Local authorities are failing to achieve the highest standard for compliance with the Data Protection Act, according to a new report.
An audit of 16 councils, conducted by the Information Commissioner’s Office (ICO), found that none received ‘high assurance’ they were complying with data protection law.
The data watchdog is warning there is ‘clear room for improvement’ in the way local authorities comply with the law, with £2.3m in fines already issued for serious breaches.
Of those audited, six councils were told they had considerable room for improvement, with one needing to take immediate action.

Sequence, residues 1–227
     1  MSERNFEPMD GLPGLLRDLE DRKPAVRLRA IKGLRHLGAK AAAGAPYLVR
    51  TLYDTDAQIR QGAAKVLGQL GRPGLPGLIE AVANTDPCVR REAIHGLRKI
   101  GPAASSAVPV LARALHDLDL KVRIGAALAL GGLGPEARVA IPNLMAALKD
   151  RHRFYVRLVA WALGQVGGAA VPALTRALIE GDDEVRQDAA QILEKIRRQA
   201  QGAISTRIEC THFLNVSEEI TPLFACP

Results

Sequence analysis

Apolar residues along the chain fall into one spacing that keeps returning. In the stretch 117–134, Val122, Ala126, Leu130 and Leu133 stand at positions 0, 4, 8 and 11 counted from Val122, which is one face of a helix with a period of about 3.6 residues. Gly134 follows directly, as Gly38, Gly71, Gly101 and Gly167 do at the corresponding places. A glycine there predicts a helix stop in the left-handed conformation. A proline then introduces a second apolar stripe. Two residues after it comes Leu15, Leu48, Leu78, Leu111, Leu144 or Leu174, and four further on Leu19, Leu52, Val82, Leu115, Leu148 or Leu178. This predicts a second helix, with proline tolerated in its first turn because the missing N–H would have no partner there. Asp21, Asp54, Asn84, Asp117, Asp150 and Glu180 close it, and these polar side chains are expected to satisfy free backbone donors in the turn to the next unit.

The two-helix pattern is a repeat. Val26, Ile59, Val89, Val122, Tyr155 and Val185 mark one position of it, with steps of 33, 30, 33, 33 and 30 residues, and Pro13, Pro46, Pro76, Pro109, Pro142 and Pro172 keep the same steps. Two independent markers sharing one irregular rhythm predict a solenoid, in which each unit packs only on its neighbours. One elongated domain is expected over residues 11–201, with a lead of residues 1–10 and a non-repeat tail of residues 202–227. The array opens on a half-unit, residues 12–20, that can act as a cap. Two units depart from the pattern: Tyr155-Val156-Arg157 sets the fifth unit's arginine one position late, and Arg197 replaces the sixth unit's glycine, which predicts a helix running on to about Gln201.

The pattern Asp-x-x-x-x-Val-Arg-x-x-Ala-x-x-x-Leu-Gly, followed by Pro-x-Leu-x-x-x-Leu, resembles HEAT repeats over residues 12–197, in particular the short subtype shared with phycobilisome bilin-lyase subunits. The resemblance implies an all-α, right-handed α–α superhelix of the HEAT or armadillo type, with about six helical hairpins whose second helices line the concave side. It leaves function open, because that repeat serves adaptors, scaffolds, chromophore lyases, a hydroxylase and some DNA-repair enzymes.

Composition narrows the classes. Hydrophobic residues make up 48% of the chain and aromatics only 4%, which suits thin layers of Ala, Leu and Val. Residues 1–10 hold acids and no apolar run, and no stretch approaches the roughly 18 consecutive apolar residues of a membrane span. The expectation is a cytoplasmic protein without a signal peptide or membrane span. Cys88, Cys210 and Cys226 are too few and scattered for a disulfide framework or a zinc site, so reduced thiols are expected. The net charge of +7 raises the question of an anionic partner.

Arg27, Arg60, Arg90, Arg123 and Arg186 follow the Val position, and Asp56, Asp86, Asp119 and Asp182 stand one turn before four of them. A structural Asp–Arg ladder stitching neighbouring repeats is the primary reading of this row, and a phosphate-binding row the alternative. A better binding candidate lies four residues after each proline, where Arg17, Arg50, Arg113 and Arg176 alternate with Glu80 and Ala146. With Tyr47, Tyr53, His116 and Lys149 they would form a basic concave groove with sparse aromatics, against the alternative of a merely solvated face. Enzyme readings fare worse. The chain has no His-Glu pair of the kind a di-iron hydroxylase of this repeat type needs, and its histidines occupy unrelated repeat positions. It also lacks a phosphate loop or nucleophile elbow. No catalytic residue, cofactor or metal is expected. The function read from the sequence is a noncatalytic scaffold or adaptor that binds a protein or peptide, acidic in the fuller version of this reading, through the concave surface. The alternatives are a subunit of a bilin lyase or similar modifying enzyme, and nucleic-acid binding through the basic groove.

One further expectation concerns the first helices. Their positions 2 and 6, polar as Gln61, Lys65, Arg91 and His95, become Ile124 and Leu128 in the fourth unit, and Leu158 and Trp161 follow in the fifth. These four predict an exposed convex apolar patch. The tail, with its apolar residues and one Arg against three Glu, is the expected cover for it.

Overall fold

John-Pierre Lamb, ICO group manager in the good practice team, said: ‘The types of breaches we’re seeing are fairly consistent, with personal information being disclosed in error and lost or stolen paperwork and hardware prevalent.
‘It’s clear that there’s room for improvement, and not just by the local authorities we visited: the areas for improvement we identified in those visits should prove helpful to many local authorities.
‘By learning from the mistakes of others, and indeed learning from the examples of good practice we found, local authorities will improve their compliance with the law, and be less likely to find the regulator knocking on their door.’
The report outlines areas for improvement in data protection governance and training, but does also outline good practice in information security and records management.
The ICO has previously issued a data breach training order to Wolverhampton City Council and fined Glasgow City Council £150,000 following the loss of two unencrypted laptops.